“When I was in college, I was a philosophy major, but I had a lot of friends who were independent film students and they found it really difficult to license music for their movies,” Moby said. “So I started this website MobyGratis.com to just give free music to film students and independent filmmakers and documentary filmmakers just as a way to try to help them out with what is a really difficult process.”
From indie films to blockbuster movies, Moby does it all, dabbling in a range of musical genres.
“My background as a musician is very odd,” Moby said. “When I was very young, I played classical music. Then I played in punk rock bands and I was a hip-hop DJ for a while, so I love electronic music. But from my perspective, it’s one genre that I like to play around with, but one genre among many.”
Of course, he’s most often associated with the techno genre, which began a bit of a beef with the always controversial Eminem. The rap emcee infamously slammed Moby in his 2002 song “Without Me,” rapping: “Moby, you can get stomped by Obie … Let go, it’s over, nobody listens to techno!”
While Eminem has defied detractors’ criticisms to become one of the greatest social rappers of all time, it seems Moby has gotten the last laugh when it comes to the popularity of house music.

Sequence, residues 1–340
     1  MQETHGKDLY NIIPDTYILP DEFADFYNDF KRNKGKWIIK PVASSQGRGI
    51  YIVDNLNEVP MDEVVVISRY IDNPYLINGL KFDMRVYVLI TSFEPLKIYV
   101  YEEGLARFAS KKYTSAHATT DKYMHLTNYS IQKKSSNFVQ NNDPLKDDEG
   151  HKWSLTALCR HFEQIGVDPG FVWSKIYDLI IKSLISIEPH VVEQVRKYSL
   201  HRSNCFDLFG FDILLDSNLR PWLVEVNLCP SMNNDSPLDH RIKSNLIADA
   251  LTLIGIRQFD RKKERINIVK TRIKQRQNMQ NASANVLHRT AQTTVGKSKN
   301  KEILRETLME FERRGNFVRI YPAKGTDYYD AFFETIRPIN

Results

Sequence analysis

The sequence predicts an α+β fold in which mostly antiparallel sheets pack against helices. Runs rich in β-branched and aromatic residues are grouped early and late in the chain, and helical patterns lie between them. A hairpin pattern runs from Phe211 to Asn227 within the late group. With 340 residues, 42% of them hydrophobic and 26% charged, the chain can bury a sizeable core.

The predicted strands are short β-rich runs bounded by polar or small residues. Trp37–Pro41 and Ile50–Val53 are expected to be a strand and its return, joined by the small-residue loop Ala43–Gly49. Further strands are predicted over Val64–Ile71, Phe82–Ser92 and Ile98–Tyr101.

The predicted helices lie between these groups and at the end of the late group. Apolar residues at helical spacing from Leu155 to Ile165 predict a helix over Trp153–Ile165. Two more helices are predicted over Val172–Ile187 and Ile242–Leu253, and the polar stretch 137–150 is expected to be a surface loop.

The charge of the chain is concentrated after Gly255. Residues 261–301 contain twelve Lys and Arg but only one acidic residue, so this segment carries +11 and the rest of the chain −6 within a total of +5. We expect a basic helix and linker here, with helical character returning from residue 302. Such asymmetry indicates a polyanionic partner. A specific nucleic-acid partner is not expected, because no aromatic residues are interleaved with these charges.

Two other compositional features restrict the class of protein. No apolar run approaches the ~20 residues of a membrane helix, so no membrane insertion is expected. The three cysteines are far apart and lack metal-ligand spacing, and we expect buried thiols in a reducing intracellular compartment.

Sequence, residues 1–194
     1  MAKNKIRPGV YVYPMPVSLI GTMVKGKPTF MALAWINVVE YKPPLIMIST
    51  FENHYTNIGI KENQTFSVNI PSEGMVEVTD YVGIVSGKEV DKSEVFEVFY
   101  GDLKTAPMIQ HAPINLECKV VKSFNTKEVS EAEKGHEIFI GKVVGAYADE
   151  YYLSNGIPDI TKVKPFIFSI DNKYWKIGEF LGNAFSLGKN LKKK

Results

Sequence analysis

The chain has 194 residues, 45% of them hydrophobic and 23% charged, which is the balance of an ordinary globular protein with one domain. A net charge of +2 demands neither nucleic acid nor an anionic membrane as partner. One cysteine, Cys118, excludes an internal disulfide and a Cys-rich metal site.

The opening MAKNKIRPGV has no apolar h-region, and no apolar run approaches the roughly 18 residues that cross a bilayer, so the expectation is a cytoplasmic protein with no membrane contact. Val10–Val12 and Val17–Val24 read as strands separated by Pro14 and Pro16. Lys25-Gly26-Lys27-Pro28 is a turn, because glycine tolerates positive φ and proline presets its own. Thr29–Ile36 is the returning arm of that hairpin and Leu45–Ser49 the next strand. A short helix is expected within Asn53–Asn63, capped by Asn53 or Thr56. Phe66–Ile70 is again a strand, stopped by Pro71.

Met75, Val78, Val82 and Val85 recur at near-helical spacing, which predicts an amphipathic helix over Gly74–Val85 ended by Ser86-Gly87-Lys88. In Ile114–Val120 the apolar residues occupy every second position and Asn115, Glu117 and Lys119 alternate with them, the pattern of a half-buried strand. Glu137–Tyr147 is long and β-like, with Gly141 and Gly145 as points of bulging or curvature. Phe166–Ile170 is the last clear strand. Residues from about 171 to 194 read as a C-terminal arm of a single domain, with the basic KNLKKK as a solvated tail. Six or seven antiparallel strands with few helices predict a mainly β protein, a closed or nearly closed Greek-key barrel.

“It was funny for Eminem to say nobody listens to techno, and now you have events with 100,000 people in a sports stadium dancing to electronic music. Clearly, I guess people do listen to techno,” Moby said. “Eminem is a smart, very talented musician. I wish him well and hope he’s doing OK.”
That’s not a sidestep answer as much as it is a credit to Moby taking the high road. It’s the same sort of introspective tone revealed in the book, a self-deprecating reflection on his own personal demons.
“[After having success], I went down this other rabbit hole of constant touring, entitlement, narcissism and really unpleasant self-importance,” Moby said. “That just got worse and worse and worse until I finally had to stop drinking altogether in 2008. … Today I’m a middle-aged sober guy.”
Praise the Porcelain God.
Here’s more information on the “Porcelain” memoir. Listen to the full interview with Moby below: